A teaspoon of agave has 20 calories; sugar has 16 calories and honey has 22 calories. But since agave is 1.4 to 1.5 times sweeter than sugar, you don’t need to use as much.

It follows that when you’re cooking or baking with agave, you need to use less. Agave is also 20% moisture, so you also have to reduce the moisture when baking.

  • Substitute 2/3 cup agave per 1 cup sugar.
  • Reduce other liquids by 1 fluid ounce per 2/3 cup agave nectar.
  • Reduce oven temperature by 25°F and baking time by 5%.
  •  
    The best conversion, of course, would be to have a book of favorite recipes converted and tested with agave.

     

    Agave nectar is one of our favorite
    products. Photo by Hannah Kaminsky | THE NIBBLE.

     

    Alas, there’s no one great book of agave recipes (publishers take note!). Those that exist have as many critics as fans. Here’s one to take a look at: Baking with Agave Nectar: Over 100 Recipes Using Nature’s Ultimate Sweetener.

    More Agave to Sweetener Conversions

  • Brown Sugar: For each cup of brown sugar, substitute 2/3 cup agave; reduce other liquids by 1/4 cup. Because the moisture content of brown sugar is higher than that of white sugar, liquids may not have to be reduced as much.
  • Brown Rice Syrup: Use 1/2 to 1/3 as much agave; increase other liquids in the recipe by up to 1/2 cup.
  • Corn Syrup: Use 1/2 as much agave; increase other liquids by up to 1/3 cup.
  • Honey: Replace each cup of honey with 1 cup of agave syrup.
  • Maple Syrup: Replace each cup of maple syrup with 1 cup of agave syrup.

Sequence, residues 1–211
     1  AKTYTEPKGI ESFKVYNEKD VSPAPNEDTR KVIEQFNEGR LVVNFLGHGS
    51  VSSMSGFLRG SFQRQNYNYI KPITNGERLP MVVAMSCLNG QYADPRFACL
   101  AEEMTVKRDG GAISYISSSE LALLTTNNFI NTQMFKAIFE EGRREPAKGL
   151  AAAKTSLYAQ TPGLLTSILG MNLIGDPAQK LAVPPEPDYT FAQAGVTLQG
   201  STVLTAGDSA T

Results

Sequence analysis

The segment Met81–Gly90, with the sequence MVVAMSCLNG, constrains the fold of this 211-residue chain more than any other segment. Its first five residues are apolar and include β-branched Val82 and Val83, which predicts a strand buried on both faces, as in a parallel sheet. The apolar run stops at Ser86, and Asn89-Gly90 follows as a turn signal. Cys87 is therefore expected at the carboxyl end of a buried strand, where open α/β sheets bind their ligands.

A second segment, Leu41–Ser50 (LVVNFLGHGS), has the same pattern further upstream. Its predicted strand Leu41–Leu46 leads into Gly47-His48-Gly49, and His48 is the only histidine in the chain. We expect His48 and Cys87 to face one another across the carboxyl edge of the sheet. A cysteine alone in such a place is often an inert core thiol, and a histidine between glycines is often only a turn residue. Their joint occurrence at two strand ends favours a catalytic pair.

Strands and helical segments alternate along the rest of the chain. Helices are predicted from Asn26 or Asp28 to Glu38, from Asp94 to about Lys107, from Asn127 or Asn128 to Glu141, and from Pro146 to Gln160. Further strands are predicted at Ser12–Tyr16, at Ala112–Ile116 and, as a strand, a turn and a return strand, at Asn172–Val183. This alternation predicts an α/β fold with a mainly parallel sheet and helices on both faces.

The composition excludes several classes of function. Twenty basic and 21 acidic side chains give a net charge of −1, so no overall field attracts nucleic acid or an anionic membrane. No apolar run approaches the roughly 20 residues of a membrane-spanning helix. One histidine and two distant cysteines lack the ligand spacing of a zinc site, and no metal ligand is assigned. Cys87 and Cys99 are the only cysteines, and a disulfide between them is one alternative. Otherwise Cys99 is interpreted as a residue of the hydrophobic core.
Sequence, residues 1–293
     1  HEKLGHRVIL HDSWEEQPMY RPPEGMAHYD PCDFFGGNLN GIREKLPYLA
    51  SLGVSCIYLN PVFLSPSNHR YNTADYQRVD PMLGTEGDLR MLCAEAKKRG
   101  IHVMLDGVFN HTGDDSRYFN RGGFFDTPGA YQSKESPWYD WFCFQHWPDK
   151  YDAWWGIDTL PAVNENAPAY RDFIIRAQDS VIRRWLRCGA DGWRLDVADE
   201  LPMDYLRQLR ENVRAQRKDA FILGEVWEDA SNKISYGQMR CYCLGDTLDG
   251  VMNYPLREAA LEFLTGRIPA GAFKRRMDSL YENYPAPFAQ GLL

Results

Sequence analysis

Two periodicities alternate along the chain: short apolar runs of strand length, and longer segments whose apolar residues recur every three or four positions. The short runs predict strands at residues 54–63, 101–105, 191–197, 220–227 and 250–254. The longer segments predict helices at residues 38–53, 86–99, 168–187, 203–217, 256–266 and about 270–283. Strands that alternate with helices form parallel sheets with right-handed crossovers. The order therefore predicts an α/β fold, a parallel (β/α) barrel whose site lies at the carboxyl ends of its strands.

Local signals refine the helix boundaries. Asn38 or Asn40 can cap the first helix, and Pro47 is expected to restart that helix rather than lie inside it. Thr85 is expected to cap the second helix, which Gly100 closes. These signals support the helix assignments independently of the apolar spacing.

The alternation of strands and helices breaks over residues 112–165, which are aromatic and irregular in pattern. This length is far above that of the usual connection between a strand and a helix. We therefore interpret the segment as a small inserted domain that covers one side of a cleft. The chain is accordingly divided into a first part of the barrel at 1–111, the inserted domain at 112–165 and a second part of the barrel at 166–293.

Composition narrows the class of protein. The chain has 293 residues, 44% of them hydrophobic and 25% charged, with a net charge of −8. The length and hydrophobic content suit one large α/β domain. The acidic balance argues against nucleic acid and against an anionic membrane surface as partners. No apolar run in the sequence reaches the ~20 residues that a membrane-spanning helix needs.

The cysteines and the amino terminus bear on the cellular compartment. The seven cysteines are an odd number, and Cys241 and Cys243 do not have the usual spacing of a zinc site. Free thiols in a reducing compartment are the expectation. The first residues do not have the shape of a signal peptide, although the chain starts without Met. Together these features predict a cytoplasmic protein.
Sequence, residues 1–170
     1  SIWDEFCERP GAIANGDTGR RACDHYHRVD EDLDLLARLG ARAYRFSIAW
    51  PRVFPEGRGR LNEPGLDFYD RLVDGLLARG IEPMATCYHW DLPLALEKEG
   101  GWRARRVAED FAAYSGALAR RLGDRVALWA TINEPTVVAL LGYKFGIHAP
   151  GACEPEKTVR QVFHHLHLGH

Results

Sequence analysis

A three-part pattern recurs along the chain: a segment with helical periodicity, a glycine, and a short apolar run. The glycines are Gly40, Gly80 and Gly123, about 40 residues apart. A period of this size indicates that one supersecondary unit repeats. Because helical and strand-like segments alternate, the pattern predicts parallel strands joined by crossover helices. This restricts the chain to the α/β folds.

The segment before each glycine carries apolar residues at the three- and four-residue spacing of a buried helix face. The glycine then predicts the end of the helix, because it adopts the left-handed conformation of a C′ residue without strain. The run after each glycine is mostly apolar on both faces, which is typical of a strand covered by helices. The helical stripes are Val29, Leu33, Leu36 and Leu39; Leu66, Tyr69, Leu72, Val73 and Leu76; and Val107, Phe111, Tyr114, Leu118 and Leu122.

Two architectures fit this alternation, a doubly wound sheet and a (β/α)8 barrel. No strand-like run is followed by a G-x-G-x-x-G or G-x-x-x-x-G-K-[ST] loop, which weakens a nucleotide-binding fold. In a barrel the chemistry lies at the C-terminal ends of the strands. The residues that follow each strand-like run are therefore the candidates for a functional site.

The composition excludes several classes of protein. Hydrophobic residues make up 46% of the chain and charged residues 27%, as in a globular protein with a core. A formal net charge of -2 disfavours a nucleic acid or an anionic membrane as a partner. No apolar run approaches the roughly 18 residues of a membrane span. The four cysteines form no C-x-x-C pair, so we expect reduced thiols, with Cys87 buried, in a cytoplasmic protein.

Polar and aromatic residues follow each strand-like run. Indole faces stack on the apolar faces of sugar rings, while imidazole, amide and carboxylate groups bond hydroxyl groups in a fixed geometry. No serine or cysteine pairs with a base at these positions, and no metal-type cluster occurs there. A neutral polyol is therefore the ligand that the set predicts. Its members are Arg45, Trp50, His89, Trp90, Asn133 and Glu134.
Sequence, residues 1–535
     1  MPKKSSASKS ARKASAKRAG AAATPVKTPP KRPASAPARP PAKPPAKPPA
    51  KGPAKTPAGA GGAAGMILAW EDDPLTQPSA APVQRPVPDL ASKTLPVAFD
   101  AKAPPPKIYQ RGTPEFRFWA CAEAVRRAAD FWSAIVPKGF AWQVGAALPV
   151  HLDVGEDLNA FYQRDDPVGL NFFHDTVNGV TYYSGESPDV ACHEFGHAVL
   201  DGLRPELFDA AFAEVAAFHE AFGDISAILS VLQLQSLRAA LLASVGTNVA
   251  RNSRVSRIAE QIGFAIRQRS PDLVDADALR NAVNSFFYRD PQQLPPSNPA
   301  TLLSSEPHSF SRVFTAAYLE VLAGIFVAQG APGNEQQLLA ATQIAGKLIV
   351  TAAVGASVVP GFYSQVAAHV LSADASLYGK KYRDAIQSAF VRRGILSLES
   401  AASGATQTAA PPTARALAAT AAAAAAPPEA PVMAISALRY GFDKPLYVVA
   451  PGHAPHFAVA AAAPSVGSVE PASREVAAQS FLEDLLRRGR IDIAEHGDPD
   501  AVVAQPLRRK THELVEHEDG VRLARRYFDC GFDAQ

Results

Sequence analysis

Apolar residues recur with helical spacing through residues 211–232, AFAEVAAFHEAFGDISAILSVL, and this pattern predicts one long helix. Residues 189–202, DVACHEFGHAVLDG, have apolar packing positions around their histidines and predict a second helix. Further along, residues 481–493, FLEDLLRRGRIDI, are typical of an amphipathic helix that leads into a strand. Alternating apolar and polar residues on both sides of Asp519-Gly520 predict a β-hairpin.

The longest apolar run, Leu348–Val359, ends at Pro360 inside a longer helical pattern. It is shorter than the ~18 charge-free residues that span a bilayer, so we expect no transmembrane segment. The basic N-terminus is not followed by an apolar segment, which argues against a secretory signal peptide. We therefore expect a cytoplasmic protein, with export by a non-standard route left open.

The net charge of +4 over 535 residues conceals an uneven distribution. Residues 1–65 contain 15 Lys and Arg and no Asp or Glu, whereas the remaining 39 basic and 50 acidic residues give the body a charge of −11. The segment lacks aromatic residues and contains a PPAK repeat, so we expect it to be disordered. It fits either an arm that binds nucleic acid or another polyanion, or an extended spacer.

• White Table Sugar: For each cup of white sugar, substitute 2/3 cup agave; reduce other liquids by 1/4 to 1/3 cup. This substitution also works for demerara sugar, evaporated cane juice, Sucanat and turbinado sugar.
  •  
    Find more information at AllAboutAgave.com.

    All About Agave

    Here’s everything you need to know about agave nectar.

      

    Comments

    TIP OF THE DAY: New Ways To Enjoy Honey

    Our last tip for National Honey Month is courtesy of Ford’s Honey Farm in Newport, New York. How many ways can you enjoy honey?

    FAVORITE NEW USE

  • Poke a hole in the center of a warm biscuit. Fill the hole with honey and enjoy with meals or as a snack.

     
    TRIED & TRUE USES

    Breakfast

  • Drizzle over yogurt and granola
  • Mix with butter for a honey butter spread
  • On bread or toast, English muffins or bagels
  • On French toast, pancakes or waffles
  • Over cold or hot cereal
  • In hot drinks: coffee, hot chocolate, tea

     
    Lunch & Dinner

  • As a glaze
  • Drizzled over sweet potatoes or carrots
  • With the bread basket, in addition to, or instead of, butter
  •  

    Drizzle honey over fruit, such as roasted